Agriculture has been using natural organic reduction for decades to dispose of dead cows and other livestock on farms. For her master’s thesis in architecture, Spade laid out the idea for a facility where humans could be composted this way, indoors, in a setting that would be both dignified and sanitary.

Upon graduation, she began in earnest to make the business a reality. In 2018 she partnered with the Washington State University Soil Science Department for a study using six donor bodies to confirm that soil produced from human composting would be pathogen-free. The heat produced by the composting process kills almost all pathogens; the only people who will not be eligible for composting at Recompose are those who die with prion conditions, like Creutzfeldt–Jakob (“mad cow”) disease, as the proteins that cause those conditions can remain toxic in soil for years.

Recompose’s vessel is not the only relatively new advance in the disposal of human corpses. The law that made Washington the first (and so far only) state in the U.S. to legalize human composting also explicitly legalized alkaline hydrolysis, also known as chemical cremation.

The novelty of Recompose got more attention, as alkaline hydrolysis was already legal in more than a dozen U.S. states. But because the technology fits so easily into existing crematoriums, chemical cremation, which was also originally developed to dispose of dead cattle, may be the more accessible option at the moment for people without access to a green cemetery or reduction facility.

More than half of the people who die in the U.S. each year are cremated, a process that emits more than 500 estimated pounds of carbon dioxide per body. In alkaline hydrolysis, a body is placed inside a vessel containing a solution of water and the caustic base potassium hydroxide that’s then heated and pressurized. Over about three hours, the pressurized liquid dissolves the body’s soft tissues as fire does in a traditional crematorium. Because there’s no combustion, there are also no greenhouse gas emissions.

The end result of both processes is the same: Bones that are then pulverized into what are typically referred to as the “ashes” of the deceased. Traditional cremains are the color of gray sand. The remains of a chemically cremated body are the pure white of seashells.

Green death tech also expands to engineered materials that line coffins and wrap corpses, and that sell themselves as accelerating the conversion of the former, resource-consuming you into matter that feeds other life forms, the ideological opposite of traditional burial marketing.

“People want their deaths to mean something. They want their bodies to be useful in some way.”

These include the offerings of designer Jae Rhim Lee’s company Coeio, which sells burial garments laced with a mixture of mushrooms and other organic matter that claim to speed decomposition and break down the toxic compounds the body releases. (According to his wishes, actor Luke Perry was buried in one after his 2019 death from a stroke at age 52.) The Italian designers Anna Citelli and Raoul Bretzel created Capsula Mundi, a biodegradable, egg-shaped urn whose creators say should be buried in the ground, with a tree as a grave marker.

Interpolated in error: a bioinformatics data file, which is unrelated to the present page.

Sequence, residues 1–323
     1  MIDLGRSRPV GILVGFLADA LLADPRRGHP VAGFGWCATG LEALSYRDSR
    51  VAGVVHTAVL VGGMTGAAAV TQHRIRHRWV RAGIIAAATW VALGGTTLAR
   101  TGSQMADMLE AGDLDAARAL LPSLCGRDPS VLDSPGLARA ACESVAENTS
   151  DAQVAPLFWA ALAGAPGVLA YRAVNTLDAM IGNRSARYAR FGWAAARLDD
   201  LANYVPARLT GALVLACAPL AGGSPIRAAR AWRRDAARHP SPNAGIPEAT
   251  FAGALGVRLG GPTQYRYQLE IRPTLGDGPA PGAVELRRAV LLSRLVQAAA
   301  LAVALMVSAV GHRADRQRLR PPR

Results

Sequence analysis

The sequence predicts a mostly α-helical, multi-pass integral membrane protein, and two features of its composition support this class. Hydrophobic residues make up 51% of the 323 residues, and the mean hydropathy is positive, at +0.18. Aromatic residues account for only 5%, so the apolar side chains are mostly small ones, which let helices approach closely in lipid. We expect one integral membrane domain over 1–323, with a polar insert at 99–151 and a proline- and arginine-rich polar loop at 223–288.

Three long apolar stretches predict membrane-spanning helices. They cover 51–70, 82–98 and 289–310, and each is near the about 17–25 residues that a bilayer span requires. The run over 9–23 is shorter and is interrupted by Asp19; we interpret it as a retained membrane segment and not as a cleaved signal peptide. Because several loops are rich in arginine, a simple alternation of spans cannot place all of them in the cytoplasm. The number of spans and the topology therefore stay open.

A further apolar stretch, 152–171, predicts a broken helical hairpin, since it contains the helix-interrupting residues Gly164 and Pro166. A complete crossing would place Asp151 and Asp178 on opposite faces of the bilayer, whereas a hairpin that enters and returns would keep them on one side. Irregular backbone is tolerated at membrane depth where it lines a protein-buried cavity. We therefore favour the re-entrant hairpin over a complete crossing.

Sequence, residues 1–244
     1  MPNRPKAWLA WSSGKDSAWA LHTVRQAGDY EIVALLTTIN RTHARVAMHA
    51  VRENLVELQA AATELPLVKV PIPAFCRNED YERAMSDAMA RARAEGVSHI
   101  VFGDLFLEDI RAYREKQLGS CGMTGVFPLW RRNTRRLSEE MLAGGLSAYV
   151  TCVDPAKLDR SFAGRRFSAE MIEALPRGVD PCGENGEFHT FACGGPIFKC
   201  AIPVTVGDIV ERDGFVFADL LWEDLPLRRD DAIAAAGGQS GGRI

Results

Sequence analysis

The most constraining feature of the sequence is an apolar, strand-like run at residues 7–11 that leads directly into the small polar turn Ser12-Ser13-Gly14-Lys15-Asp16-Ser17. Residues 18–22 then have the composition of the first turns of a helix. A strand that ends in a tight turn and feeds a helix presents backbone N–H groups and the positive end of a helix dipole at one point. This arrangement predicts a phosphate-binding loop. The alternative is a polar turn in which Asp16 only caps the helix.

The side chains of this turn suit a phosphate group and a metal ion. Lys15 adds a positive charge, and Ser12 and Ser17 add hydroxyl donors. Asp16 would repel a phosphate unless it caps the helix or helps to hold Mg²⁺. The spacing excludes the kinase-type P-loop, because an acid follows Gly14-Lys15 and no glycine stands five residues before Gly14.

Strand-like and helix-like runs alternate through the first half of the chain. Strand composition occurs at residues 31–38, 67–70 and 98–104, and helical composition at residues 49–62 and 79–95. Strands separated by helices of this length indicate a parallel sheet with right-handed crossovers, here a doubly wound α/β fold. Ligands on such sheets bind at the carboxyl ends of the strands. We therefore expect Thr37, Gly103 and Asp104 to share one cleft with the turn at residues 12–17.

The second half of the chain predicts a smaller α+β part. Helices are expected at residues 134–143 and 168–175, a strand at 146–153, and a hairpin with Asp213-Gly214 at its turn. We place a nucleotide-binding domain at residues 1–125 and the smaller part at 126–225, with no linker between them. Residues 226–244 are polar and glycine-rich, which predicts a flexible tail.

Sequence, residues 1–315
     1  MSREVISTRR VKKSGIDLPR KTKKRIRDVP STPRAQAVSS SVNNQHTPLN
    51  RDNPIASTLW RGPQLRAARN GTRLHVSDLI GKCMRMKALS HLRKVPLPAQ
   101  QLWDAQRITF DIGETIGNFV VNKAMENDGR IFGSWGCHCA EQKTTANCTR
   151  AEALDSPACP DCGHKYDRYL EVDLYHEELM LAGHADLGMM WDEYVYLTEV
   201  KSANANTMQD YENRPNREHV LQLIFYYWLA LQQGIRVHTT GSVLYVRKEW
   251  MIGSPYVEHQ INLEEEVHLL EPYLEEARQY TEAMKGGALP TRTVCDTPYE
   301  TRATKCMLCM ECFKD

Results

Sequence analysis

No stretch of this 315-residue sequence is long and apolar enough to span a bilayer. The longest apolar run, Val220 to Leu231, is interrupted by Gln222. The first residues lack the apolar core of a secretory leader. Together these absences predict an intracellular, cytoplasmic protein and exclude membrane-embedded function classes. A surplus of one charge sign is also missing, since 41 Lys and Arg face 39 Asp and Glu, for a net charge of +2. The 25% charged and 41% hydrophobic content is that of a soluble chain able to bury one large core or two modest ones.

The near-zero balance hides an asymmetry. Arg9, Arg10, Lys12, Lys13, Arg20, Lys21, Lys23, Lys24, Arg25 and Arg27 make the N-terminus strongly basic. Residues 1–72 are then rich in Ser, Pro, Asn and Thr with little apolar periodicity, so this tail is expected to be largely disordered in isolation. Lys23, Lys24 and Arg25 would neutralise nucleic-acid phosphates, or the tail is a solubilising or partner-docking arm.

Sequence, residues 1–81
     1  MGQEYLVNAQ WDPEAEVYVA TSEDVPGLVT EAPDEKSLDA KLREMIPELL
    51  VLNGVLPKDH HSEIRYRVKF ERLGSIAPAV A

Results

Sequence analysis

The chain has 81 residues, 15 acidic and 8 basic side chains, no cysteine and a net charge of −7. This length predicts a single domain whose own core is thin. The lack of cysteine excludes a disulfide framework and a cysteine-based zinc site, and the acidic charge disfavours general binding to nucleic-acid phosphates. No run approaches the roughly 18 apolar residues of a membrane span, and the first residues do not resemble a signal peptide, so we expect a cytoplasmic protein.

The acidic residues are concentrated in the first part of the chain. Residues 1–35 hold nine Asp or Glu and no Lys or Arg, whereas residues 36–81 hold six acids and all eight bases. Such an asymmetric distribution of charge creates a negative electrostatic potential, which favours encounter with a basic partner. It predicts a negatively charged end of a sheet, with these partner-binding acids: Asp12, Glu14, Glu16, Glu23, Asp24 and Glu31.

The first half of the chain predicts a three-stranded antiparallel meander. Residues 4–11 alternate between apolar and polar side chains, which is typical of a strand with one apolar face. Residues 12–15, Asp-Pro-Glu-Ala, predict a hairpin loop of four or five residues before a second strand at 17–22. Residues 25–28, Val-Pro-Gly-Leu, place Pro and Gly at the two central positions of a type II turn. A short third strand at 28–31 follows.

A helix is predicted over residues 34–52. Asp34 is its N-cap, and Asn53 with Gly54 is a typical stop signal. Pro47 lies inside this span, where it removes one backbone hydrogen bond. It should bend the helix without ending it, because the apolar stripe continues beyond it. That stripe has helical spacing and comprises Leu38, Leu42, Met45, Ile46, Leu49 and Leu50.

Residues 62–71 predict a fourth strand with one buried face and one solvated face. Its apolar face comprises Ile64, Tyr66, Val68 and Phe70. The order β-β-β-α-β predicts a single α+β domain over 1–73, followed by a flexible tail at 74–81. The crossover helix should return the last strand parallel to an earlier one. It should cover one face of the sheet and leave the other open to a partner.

New technologies for disposing of bodies allow new ways of mourning the dead. Even before Covid-19 disrupted the ability to gather in mourning, it was a challenge to convene dispersed loved ones and choose a specific place to lay to rest a person who lived their life in multiple cities or countries. The share of people who identify with organized religion has fallen. Secular services that fill the need for mourning rituals have grown in their place.

Recompose is also a funeral home, and eventually, the business hopes to move to a facility large enough to allow for memorial services where loved ones can participate in the process of placing the body in the vessel. The company also plans to offer franchising opportunities in a few years. While patents are pending on the specific design of their vessels, composting itself is not a proprietary idea. In the future, rather than calling the church to organize a service, one may call the closest organic reduction facility.

“People want their deaths to mean something. They want their bodies to be useful in some way,” said Nora Menkin, executive director of the People’s Memorial Association, a Seattle-based nonprofit cooperative funeral home. Over the last six months, there’s been a jump in calls to the organization from people contemplating their mortality while riding out the pandemic at home. They want options, she said, so that “your last act on earth isn’t polluting it.”

The way we dispose of bodies says more about how we live. Embalming became popular in the Civil War, the first episode in U.S. history where people died en masse far from their homes and needed to be transported for burial. Cremation rates rose as the country became more mobile, and scattered families could not be convened fast enough for a burial. Today, more people seek options that don’t contribute to the environmental destruction we see around us, that allows our earthly remains to be shared by the people we loved or disposed of altogether. To embrace our final obligation, which is to return to the earth the substance that let us be ourselves.

Complete Article HERE!

This ‘Living’ Coffin Uses Mushrooms to Compost Dead Bodies

This ‘Living’ Coffin Uses Mushrooms to Compost Dead Bodies

Hendrikx with the ‘Living Cocoon’ coffins.

by Becky Ferreira

For tens of thousands of years, humans have developed funeral rites and burial practices that reflected the attitudes of their particular time and place. These traditions of honoring the dead continue to evolve into the 21st century, as people seek “green burials” that are more environmentally friendly than standard coffins.